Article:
Religious liberty, as the term is currently being used, represents a "freedom" to coerce people into attending religous events by placing those events where others cannot leave without costing them a significant non-religous value. Putting a religous event in a government meeting, for example, means that people are forced to choose between attending that religious event and participating as a citizen in the affairs of government.

When a religious event is placed in a school setting, coercion does not even involve a choice. Children are required to go to school. Consequently, if religious events are written into the school activities, children are directly coerced into attending and even participating in a religious event.

Nonsense claims to the contrary, a Pledge of Allegiance to "one nation under God" is a religious activity. The claim that it is a political event simply ignores the fact that an event can be both political and religious - which is exactly what happens when one mixes church and state. The coronation of a king by a bishop was, in its day, both a religious and a political event meant to symbolize the union of church and state - and a pledge of allegiance to one nation under God does exactly the same thing.

"Religious liberty" is currently being used to deny individuals their right to be considered equal citizens before the law. If government officials can use "religious liberty" to deny government services to certain people, then we effectively have a religious test for who may receive and who may be denied government assistance. A person's standing before the state must first pass a test of having the religious-based approval of the government agent assigned to his or her case.

As far as refusing service to a person for religious reasons, we need only to consider the essential nature of our interactions with business. Our interactions with business is how we get food, medical care, energy, shelter, and clothing. Taken to its extreme, the capacity to put barriers between individuals and the providers of such goods and services is nothing less than the power to kill. While we cannot expect that any individual would be so cut off that their life is in danger because of the religious attitudes of others, it is still the case that these barriers cause harm. Thus, "religious liberty" in these cases is still a liberty very much like the liberty to refuse service to blacks.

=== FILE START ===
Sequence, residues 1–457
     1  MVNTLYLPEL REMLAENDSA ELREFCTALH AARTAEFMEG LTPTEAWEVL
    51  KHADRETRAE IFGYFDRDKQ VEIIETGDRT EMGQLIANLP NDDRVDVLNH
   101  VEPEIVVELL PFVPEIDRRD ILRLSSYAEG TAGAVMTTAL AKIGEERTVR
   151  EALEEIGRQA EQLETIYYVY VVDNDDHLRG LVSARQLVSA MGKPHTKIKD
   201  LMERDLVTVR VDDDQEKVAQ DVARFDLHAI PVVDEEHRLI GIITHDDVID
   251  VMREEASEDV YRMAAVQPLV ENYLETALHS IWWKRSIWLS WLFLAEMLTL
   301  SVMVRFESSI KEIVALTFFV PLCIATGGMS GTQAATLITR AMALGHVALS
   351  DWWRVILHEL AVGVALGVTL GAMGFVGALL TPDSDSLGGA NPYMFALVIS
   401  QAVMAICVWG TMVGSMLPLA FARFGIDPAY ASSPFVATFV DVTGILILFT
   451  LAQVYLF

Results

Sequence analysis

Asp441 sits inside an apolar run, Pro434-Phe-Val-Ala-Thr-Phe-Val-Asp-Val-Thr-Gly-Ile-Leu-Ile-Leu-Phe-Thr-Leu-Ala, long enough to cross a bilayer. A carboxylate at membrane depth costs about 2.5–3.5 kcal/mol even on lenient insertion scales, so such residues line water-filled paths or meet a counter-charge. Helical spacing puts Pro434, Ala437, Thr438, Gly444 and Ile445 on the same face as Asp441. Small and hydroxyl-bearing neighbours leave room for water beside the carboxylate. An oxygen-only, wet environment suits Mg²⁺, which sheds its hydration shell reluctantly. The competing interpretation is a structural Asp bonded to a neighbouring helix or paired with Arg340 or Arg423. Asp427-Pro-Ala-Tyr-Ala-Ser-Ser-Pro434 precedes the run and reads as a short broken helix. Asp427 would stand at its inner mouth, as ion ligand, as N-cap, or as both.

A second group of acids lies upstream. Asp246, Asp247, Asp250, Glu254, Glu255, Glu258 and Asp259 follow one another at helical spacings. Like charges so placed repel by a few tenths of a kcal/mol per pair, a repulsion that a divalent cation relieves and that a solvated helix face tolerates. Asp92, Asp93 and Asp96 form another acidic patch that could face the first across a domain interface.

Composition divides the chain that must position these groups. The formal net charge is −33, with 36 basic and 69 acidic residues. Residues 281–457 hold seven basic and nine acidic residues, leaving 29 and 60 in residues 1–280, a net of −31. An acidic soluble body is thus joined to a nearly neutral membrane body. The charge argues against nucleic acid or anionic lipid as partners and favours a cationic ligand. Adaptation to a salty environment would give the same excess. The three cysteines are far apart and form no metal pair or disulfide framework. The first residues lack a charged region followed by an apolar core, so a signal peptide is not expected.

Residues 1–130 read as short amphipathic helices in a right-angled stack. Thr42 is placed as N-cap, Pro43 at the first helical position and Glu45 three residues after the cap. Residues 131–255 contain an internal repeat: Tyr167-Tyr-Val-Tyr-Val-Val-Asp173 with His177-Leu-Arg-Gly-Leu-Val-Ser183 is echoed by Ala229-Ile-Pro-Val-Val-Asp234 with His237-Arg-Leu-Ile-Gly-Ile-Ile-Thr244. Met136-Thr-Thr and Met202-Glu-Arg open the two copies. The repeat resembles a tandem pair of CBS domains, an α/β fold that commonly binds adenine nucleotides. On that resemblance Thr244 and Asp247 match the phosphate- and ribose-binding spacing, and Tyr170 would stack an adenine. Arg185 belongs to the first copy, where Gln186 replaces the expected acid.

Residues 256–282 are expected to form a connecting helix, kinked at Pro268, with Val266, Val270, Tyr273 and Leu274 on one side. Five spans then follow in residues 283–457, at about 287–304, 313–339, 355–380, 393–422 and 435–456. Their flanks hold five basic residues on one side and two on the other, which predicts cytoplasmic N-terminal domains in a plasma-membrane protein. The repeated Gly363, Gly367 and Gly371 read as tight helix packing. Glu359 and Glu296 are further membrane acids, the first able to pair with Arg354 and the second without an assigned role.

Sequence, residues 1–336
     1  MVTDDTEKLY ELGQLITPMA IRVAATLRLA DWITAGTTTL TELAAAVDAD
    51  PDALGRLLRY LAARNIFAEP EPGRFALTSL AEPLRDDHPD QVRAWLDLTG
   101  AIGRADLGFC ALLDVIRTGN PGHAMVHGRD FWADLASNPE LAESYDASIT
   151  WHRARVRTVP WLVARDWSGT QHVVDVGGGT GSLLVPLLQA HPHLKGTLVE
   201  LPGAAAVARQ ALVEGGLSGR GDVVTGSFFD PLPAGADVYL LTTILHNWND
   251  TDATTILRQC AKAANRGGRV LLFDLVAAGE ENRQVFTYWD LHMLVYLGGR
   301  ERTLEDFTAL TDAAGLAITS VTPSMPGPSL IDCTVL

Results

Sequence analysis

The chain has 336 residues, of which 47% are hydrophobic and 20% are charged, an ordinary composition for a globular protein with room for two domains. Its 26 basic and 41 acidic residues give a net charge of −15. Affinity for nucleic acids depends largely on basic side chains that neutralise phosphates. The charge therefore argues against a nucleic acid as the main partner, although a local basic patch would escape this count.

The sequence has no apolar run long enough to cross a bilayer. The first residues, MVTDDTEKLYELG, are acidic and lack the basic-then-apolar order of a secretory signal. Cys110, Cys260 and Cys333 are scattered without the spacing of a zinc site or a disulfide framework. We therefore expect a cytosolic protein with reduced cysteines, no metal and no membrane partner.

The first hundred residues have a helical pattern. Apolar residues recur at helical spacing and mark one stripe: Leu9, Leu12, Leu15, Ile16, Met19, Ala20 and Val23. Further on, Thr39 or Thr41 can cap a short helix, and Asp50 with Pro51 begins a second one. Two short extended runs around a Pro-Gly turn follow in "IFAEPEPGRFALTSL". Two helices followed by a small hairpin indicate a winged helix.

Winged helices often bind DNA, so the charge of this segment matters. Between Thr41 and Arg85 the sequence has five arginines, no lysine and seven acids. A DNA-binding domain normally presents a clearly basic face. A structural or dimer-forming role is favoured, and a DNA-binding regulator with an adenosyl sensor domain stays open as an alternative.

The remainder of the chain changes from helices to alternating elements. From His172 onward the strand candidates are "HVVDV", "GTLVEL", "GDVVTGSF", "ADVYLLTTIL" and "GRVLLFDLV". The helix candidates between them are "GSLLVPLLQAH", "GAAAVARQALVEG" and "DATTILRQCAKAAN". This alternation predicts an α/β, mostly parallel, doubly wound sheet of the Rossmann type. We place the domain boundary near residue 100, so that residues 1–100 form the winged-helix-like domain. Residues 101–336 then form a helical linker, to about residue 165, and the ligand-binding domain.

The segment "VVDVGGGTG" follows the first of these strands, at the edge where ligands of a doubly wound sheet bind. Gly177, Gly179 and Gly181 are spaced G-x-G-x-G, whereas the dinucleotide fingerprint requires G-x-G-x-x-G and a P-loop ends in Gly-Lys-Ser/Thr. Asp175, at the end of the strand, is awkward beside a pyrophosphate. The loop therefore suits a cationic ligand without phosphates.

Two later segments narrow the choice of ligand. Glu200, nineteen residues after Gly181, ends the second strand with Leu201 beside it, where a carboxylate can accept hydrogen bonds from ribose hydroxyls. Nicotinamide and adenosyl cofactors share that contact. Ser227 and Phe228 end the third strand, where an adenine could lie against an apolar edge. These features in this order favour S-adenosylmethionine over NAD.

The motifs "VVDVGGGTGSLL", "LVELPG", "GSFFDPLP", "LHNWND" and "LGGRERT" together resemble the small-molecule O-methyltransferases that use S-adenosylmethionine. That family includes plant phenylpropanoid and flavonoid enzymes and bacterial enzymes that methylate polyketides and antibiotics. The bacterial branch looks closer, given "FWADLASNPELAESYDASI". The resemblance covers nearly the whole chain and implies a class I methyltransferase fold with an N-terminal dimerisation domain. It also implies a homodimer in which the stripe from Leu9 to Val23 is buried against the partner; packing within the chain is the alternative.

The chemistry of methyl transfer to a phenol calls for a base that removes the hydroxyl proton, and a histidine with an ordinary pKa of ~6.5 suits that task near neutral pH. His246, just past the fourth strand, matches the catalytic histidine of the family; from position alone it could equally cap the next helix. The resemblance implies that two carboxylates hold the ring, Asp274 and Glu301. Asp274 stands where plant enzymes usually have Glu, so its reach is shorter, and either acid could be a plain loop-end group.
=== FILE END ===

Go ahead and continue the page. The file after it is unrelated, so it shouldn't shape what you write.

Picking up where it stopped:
If one wants to argue that racial segregation was not founded on religious principles, we simply need to ask, "What if it had been? What if a religion comes into existence that declares one race as God's chosen and all lesser races are to be shunned lest the master race become contaminated physically or culturally. Would they have a "religious liberty" right to refuse service to blacks? If the answer is "no", then the fact that segregation did not happen to be religiously motivated is irrelevant.

If somebody wants to claim that they are defending freedom, they need to take care that what they are defending is not, in fact, the freedom to deny freedom to others. One needs to take care that they are not defending a modern equivalent of a freedom to own slaves, or a freedom that in some other way is, in fact, a privelege to deny freedom to others. Every place freedom is defended, somebody else is being denied the liberty to take away those freedoms. This leads to a potential for confusion where a "defender of liberty" might not actually be defending liberty at all.

No comments: